Tuesday, January 31, 2012

Camilla Williams, An Octave Above

Camilla Ella Williams was an American operatic soprano, and the first African American to have received a contract with a major American opera company.

A Woman of Firsts
  • In 1946 she was the first African American to receive a regular contract with a major American opera company and made her debut with the New York City Opera singing the title role in Puccini'sMadama Butterfly
  • In April 1954 she became the first African American to sing a major role with the Vienna State Opera when she performed her signature part of Cio-Cio-San. 
  • Williams was the first African American Professor of Voice appointed to the voice faculty of what is now known as the Indiana University Jacobs School of Music in 1977 and in 1984 was the first African American instructor at the Central Conservatory of Music in Beijing, China
  • In 1995 she was an inaugural recipient of the National Opera Association's "Lift Every Voice" Legacy Award, honoring the contributions of African Americans to the field of opera and in 1996 was honored as Outstanding African American Singer/Pioneer by Harvard University.
Read Her Story

In 2011 her autobiography "The Life of Camilla Williams, African American Classical Singer and Diva" was published by The Edwin Mellen Press.

Hear Her Song

January in Black History

Each month we'll list daily black history notes for the month. Here's what happened in January in Black History.

On January 1 in Black History...…
In 1997, Kofi Annan of Ghana became the first black secretary of United Nations.
In 1916, first issue of Journal of Negro History was published.
In 1863, President Lincoln signed the Emancipation Proclamation.
In 1956, Sudan was proclaimed independent.

On January 2 in Black History...
In 1954, Oprah Winfrey was born.
In 1915, John Hope Franklin was born.
In 1898, Sadie Tanner Mossell Alexander becomes the first African American to earn a Ph.D in economics is born in Philadelphia ,PA.
In 1831, "The Liberator", an abolitionist newspaper by William Lloyd Garrison, began publishing.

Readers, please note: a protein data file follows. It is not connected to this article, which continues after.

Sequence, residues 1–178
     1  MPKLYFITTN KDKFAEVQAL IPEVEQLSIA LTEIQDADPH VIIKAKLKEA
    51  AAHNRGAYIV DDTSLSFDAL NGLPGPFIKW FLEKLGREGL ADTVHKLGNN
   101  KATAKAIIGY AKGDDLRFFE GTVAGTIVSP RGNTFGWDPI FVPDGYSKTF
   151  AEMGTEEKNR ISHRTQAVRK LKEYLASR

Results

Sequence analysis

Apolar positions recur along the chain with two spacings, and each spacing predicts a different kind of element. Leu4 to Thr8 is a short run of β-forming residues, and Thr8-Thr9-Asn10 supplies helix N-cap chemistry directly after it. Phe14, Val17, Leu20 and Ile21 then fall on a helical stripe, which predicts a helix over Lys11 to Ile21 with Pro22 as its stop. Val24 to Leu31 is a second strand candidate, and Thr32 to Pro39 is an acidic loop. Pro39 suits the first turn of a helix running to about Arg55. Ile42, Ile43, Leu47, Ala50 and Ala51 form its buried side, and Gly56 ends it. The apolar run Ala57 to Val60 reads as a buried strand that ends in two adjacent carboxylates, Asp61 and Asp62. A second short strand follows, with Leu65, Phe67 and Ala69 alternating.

On January 4 in Black History...
1935, Boxer Floyd Patterson born
1937, Opera singer, Grace Bumbry was born, 1937
1901, C.L.R. James born
In 1920, first black baseball league, National Negro Baseball League organized
On January 15 in Black History...…
In 1929, Martin Luther King Jr was born.
In 1908, Alpha Kappa Alpha Sorority was founded.

On January 10 in Black History...
In 1915, classical conductor Dean Dixon was born.
In 1925, drummer, Max Roach, was born.
In 1938, baseball great, Willie Lee McCovey was born.
In 1864, Scientist and inventor George Washington Carver was born.

On January 20 in Black History...
In 2001, Colin Luther Powell became the first African-American Secretary of State.
In 1986, the first national Martin Luther King Jr holiday was celebrated.
In 1920, Zeta Phi Beta Sorority, Inc. was founded.
In 1986, Ronald McNair, the first Black astronaut killed during a space mission, when the space shuttle "Challenger" met with disaster, which blew up shortly after take-off.

On January 25 in Black History...
In 1980, BET, Black Entertainment Television begins broadcasting.
In 1972, Congresswoman Shirley Chisholm begins her campaign for President of the U.S.
In 1950, writer Gloria Naylor was born.
In 1851, Sojourner Truth addressed the first Black Women's Rights Convention in Akron Ohio.

On January 31 in Black History...
In 1919, Jackie Robinson was born.
In 1920, Phi Beta Sigma Fraternity was founded.